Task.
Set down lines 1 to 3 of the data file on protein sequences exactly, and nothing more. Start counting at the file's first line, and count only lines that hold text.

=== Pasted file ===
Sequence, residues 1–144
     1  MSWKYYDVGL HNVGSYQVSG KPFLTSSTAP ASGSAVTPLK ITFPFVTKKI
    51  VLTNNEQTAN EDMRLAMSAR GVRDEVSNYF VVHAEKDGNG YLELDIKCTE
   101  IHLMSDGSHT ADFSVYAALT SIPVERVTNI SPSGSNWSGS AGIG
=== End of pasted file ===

Sequence, residues 1–144
     1  MSWKYYDVGL HNVGSYQVSG KPFLTSSTAP ASGSAVTPLK ITFPFVTKKI
    51  VLTNNEQTAN EDMRLAMSAR GVRDEVSNYF VVHAEKDGNG YLELDIKCTE